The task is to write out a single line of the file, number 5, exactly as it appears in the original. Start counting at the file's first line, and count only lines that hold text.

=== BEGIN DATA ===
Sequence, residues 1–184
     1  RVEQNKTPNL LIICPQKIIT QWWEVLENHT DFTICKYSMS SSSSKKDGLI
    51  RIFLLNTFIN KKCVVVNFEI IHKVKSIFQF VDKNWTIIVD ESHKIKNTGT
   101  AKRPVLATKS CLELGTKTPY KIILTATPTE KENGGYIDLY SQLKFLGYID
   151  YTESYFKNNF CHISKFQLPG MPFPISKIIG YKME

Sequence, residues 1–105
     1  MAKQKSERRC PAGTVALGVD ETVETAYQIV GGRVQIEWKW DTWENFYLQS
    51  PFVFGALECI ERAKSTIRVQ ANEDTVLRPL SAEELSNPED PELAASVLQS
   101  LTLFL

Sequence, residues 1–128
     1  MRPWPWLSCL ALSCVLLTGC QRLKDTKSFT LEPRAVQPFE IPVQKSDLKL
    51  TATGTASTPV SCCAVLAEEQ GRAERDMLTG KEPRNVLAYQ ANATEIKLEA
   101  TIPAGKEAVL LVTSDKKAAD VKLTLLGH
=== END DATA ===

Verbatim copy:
   151  YTESYFKNNF CHISKFQLPG MPFPISKIIG YKME